- Industrial Relations Counselors (John Jr.).
John III was at one time a member of the Council on Foreign Relations, the Foreign Policy Association and the Institute of Pacific Relations, as well as being on the board of directors of Princeton University. In late 1950, he accompanied secretary of state John Foster Dulles and Douglas MacArthur on a trip to Japan to conclude a peace treaty, during which time he consulted with many Japanese leaders in practically every important sphere of that country's life.
He was a prominent third-generation family philanthropist in his own right and founder of the Asia Society, the major institution he established in 1956 to foster greater cooperation between Asia and the United States. He also founded the Population Council in 1952, and a reconstituted Japan Society. In addition, he set up the United Negro College Fund for the ongoing education of African Americans, carrying on the family tradition in this area with his grandfather's funding of the education of black women at Spelman College in Atlanta.
He was on his father's Advisory Committee in the family office, Room 5600. He was also president of the family's principal philanthropy run by family members, the Rockefeller Brothers Fund, from its inception in 1940 to 1956. In 1929, he joined the family's renowned Rockefeller Foundation; elected to the board in 1931 he subsequently became chairman of this major philanthropic organization for twenty years and was responsible for changing the focus of the institution.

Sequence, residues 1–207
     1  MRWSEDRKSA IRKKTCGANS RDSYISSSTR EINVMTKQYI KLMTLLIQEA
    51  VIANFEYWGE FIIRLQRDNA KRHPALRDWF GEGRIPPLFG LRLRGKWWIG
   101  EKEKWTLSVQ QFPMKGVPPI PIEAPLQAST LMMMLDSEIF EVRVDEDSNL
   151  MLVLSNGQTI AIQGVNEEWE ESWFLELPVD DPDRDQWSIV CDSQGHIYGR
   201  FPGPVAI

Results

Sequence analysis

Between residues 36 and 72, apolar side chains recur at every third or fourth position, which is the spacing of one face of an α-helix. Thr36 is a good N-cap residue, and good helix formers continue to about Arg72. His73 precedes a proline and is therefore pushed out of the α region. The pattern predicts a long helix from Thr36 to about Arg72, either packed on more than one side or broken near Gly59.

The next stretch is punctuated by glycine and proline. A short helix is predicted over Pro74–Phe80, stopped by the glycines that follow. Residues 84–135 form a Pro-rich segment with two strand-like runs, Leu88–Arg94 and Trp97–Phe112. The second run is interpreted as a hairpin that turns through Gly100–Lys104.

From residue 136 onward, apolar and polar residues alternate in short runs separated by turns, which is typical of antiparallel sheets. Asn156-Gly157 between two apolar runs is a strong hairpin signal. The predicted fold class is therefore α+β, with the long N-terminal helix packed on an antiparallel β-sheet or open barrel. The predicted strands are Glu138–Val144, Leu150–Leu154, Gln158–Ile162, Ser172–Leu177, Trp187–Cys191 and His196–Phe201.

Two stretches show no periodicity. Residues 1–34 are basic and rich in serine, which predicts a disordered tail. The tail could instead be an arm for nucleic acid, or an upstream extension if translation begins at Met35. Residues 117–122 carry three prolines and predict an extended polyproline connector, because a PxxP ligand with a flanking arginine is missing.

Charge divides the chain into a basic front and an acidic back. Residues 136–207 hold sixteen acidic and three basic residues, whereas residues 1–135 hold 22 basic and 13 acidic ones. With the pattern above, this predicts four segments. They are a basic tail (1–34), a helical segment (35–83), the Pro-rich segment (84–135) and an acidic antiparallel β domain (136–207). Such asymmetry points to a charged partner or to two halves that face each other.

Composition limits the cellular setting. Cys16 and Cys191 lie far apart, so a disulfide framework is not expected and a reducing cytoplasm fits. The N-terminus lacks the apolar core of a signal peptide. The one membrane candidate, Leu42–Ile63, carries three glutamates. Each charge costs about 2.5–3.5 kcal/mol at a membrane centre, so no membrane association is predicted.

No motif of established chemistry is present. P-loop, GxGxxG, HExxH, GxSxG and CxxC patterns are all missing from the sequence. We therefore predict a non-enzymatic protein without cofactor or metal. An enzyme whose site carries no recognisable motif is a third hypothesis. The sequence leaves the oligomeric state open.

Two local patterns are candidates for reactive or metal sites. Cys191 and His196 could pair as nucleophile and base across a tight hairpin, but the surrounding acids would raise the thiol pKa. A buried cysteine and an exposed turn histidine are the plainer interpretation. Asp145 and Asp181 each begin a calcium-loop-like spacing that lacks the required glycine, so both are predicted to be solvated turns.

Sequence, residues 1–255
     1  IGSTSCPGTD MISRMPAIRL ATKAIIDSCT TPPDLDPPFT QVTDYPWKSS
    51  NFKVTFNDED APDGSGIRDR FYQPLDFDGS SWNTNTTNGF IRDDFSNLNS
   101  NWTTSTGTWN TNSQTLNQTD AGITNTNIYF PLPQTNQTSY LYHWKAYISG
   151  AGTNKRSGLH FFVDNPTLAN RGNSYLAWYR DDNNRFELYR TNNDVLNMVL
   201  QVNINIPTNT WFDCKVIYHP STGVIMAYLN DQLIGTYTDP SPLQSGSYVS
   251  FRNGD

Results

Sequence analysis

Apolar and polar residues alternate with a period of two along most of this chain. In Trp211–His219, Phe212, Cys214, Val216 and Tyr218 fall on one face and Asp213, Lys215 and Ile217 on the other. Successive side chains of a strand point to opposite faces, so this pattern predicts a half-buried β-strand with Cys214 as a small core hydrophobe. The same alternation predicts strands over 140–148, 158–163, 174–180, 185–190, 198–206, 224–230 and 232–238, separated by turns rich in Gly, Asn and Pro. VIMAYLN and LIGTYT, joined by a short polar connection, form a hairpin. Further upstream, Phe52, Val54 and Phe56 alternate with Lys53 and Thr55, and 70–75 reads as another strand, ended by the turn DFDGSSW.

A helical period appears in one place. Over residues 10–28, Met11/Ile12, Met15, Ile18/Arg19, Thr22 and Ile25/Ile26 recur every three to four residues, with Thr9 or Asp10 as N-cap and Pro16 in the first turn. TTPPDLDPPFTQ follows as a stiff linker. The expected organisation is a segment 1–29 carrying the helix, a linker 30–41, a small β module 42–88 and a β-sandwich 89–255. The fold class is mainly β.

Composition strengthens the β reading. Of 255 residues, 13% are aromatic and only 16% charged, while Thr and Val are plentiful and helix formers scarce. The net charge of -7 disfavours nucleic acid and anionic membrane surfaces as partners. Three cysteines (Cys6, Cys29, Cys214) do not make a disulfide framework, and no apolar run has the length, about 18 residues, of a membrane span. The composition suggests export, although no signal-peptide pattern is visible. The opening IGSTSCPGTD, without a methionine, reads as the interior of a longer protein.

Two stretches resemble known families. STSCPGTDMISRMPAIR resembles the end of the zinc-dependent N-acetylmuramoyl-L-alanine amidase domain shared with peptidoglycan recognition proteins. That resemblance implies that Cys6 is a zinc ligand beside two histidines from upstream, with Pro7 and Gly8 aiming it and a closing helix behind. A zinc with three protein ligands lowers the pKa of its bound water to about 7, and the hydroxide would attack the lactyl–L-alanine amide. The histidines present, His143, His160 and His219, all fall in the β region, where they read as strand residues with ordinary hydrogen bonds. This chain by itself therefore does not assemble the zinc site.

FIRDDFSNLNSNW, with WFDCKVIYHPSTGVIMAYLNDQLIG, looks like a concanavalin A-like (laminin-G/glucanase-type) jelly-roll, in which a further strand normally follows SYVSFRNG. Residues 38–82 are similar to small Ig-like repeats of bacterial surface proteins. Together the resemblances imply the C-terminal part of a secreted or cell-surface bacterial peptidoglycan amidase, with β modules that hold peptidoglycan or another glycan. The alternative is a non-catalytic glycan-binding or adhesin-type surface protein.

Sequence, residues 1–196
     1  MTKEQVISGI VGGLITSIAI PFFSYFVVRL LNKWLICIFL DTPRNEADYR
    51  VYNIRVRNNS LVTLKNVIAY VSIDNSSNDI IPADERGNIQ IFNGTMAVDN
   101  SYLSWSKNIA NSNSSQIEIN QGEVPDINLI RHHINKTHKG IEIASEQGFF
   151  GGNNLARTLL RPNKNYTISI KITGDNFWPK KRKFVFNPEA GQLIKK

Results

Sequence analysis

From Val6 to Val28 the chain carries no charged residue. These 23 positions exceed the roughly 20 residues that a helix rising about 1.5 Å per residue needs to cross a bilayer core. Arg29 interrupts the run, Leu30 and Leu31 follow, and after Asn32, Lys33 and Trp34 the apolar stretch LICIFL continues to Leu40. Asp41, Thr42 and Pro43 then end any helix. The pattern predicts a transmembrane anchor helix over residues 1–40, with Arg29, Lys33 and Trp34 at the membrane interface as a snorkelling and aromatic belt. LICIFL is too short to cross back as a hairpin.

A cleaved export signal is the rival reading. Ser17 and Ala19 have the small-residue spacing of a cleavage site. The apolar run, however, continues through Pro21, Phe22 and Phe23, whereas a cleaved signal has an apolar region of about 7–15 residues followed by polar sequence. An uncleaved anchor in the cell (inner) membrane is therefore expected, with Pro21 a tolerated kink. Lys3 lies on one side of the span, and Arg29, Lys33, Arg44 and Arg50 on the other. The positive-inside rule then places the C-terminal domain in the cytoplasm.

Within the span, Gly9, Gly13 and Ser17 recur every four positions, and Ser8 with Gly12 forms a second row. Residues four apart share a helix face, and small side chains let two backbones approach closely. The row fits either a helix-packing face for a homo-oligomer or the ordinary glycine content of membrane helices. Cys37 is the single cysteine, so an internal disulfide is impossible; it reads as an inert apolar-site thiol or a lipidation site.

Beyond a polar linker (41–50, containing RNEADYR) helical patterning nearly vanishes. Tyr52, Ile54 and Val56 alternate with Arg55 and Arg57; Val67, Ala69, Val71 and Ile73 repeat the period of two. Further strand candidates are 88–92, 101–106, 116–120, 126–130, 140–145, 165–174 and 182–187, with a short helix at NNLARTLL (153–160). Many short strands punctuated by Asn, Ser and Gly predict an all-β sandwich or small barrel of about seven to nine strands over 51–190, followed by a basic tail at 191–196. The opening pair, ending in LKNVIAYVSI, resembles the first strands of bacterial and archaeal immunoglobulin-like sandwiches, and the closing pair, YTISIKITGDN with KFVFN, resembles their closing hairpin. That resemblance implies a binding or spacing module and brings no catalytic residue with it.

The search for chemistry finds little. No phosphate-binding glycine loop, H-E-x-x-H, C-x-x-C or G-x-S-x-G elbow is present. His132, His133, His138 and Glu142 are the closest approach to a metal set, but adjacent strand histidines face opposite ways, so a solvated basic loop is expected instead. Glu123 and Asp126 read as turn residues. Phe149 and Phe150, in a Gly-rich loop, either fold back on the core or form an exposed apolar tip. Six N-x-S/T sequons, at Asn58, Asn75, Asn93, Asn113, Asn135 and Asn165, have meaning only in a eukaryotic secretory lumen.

The principal philanthropic institution he created was the JDR III Fund in 1963, its major program being the Asian Cultural Program, created in 1967 to encourage East-West cultural exchange. The Fund was wound-up upon his death in 1979, but the Cultural Program continued as the Asian Cultural Council, which has provided grant assistance to more than 4,000 Asians and Americans in the area of the arts. Funding for its programs is derived from a combination of endowment income and contributions from individuals, foundations and corporations in the United States and Asia.
In the mid-1950s, John III assumed the leadership of the Exploratory Committee for a Musical Arts Center, a committee of civic leaders who were working to create what would become Lincoln Center. He was the key figure in the fund-raising efforts and in forging a consensus among the civic leaders and others who were essential to its success. The Center itself was built over a period from 1959 to 1969. He was its first president, commencing in 1956, and he became its chairman in 1961. He was chairman until 1970 when he was duly elected honorary chairman.
In the late 1960s, Rockefeller III was responsible for the creation of the Commission on Foundations and Private Philanthropy (usually known as the Peterson Commission, headed by Peter G. Peterson) and the Commission on Private Philanthropy and Public Needs (usually known as the Filer Commission). He established the Rockefeller Public Service Awards in 1958. In 1959, he received The Hundred Year Association of New York's Gold Medal Award "in recognition of outstanding contributions to the City of New York". In 1976, he received the S. Roger Horchow Award for Greatest Public Service by a Private Citizen, an award given out annually by Jefferson Awards.